Tour de France: Tony Martin earns Cyclingnews Rider of the Day

No rider can dish out pain to the peloton quite like the Panzerwagen, Tony Martin (Etixx-QuickStep), and his day-long breakaway as pilot to Julian Alaphilippe's stoker on stage 16 of the Tour de France was a prime exhibition of the German's strengths. Although the attack was always doomed to fail, Martin kept the stage moving at a brisk 46kph pace, and for that he's done more than enough to earn Cyclingnews' Rider of the Day.

Martin hit out on the 209km stage from Moirans-en-Montagne in the Jura Mountains to Berne, Switzerland, bringing Alaphilippe along for company and moral support, but the Frenchman had little to contribute to the pace making after spending the previous day in the breakaway.

But Martin was undaunted by the distance and the fact that there were several teams itching for the last chance for a bunch sprint before the Alps. He just kept pounding out his tempo, perhaps humming Wagner's "Ride of the Valkyries" as he slayed kilometre after kilometre.

"It was quite a difficult stage, but Tony [Martin] has won stages like this before," his directeur sportif Brian Holm said. "[Julian] Alaphilippe being out there wasn't really part of our master plan, especially after yesterday and maybe he will regret hanging out there. Tony said that every day they have been chasing for a bunch sprint and 'today they can chase me'. They did, and it looked like he was hurting everybody."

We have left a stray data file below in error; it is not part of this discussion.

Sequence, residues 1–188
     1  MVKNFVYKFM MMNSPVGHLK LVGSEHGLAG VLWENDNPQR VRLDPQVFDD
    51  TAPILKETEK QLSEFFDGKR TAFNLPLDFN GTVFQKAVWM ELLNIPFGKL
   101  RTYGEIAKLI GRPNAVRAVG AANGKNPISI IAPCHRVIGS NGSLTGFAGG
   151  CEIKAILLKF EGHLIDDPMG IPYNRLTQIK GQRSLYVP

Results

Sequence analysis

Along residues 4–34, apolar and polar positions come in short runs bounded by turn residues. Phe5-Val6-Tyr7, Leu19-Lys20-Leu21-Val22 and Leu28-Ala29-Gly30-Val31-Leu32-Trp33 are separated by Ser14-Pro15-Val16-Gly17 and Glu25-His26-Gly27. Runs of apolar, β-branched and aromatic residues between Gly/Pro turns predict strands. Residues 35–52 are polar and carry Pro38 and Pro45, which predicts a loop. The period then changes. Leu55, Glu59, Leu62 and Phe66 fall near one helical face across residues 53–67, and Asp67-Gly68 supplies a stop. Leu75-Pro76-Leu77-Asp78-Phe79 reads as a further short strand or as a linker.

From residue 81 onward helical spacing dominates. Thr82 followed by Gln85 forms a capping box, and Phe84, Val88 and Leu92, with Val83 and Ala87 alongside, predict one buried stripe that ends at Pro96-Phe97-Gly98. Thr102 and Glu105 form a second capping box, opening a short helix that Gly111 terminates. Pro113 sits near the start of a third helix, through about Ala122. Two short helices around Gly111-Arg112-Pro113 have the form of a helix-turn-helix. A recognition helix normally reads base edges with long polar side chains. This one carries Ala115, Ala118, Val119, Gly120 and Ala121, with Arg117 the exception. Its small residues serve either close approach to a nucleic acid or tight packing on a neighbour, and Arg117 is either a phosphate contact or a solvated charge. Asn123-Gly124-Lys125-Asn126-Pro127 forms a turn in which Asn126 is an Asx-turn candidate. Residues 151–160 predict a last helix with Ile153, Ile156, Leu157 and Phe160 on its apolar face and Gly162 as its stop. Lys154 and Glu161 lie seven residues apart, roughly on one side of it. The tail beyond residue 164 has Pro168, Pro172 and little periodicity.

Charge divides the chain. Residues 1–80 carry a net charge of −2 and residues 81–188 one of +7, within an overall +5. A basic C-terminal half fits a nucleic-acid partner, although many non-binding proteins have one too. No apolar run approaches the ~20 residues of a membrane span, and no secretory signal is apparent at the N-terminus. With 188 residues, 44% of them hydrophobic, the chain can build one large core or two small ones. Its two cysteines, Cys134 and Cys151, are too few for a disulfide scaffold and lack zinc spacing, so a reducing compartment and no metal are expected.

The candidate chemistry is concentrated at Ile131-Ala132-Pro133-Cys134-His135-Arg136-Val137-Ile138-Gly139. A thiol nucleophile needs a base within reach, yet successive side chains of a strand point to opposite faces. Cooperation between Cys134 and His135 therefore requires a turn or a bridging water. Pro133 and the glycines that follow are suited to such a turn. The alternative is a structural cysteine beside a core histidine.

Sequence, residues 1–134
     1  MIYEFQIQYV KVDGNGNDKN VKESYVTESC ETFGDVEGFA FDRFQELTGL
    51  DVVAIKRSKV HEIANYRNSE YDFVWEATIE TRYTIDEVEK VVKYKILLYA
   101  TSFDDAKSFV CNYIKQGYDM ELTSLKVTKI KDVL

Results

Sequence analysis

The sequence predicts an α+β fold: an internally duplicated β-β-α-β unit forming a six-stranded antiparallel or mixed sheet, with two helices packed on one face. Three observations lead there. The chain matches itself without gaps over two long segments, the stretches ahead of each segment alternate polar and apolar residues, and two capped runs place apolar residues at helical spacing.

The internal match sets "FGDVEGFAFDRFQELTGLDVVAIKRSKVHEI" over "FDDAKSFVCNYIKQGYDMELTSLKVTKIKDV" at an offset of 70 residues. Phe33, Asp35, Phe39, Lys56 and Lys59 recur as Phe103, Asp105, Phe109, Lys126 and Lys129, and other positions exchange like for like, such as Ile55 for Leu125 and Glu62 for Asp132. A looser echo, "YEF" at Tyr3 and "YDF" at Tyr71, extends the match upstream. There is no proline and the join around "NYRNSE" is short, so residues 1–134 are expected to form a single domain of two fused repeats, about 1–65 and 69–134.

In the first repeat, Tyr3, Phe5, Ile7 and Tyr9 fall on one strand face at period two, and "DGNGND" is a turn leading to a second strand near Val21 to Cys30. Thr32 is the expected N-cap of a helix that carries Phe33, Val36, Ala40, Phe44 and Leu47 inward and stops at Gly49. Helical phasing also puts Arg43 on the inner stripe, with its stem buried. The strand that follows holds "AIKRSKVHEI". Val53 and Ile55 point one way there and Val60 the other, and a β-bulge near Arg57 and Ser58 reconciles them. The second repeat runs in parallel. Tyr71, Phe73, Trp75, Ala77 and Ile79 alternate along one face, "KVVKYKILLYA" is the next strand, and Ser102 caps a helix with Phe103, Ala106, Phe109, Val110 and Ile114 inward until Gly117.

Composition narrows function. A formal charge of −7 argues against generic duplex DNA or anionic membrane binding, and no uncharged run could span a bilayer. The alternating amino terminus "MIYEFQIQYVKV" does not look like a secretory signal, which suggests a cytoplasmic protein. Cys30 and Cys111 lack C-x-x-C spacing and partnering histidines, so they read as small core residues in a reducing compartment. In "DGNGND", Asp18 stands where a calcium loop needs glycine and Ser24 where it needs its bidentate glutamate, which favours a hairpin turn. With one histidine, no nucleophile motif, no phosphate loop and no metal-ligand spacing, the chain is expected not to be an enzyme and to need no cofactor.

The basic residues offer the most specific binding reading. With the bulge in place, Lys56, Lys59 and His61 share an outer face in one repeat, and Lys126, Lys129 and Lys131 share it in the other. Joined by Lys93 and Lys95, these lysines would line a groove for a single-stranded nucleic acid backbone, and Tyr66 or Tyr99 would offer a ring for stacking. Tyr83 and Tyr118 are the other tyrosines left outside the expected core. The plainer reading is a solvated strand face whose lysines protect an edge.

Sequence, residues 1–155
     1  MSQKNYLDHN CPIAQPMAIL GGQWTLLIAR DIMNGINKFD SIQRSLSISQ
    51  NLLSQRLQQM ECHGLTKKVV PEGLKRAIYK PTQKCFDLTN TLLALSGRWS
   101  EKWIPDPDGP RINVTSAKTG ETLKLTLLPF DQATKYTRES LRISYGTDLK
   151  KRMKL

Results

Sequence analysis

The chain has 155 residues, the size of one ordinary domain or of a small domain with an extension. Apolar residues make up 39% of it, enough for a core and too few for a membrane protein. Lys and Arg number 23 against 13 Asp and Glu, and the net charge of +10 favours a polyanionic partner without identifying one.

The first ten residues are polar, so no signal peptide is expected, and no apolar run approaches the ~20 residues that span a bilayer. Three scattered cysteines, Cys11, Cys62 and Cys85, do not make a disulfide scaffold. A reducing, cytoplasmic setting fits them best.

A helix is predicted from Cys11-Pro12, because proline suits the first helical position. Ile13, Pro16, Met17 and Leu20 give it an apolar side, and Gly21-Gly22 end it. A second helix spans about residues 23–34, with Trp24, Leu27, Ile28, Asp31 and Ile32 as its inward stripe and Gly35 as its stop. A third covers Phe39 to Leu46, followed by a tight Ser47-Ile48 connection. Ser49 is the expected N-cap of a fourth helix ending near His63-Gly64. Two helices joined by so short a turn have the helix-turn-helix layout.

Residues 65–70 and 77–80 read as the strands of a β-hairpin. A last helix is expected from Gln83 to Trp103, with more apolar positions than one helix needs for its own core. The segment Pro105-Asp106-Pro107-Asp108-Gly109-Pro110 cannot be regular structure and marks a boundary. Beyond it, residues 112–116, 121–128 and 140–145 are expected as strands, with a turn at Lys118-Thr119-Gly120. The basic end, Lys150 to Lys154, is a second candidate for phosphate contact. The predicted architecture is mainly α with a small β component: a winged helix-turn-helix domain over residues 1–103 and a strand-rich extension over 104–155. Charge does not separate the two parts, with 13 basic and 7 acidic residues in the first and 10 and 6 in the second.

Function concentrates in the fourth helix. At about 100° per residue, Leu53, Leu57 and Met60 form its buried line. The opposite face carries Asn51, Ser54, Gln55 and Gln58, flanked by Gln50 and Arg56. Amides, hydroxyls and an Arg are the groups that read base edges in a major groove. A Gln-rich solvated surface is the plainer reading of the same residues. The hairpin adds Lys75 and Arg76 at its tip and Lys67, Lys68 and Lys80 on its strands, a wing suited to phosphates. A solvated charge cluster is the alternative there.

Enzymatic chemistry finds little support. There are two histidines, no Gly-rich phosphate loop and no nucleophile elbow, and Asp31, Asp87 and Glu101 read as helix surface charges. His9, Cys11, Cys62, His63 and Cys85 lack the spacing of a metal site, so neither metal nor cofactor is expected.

Indeed, by the time the peloton got to the single climb on the course, the Cote de Muhleberg, 183.5km into the stage, Martin had broken Alaphilippe, and the peloton behind was already shedding riders, so brutal had the pace been in pursuit of the escapees.

While Martin's escape was swept up soon after, the German ensured that no rider had an easy time, and it earned him our Cyclingnews Rider of the Day prize.

Laura Weislo says: "Tony Martin is so smooth and powerful on the bike, and his face so impassive, that it's difficult to judge the speed he's laying down. You have to look past him to the anguished faces of the rest of the peloton to see just how hard he is going.

"It's been a difficult Tour de France so far, every day with the exception of the interminable stage 3 to Angers where the peloton trudged along at 34kph, and there are plenty of tired legs in the peloton. Martin seems immune to fatigue, and cranked out a pace that some riders would struggle to manage for an individual time trial for a whopping 175km. It wasn't exactly flat roads or a strong tailwind, either. Martin did this on pure willpower and is well deserving of whatever small accolades we can provide."

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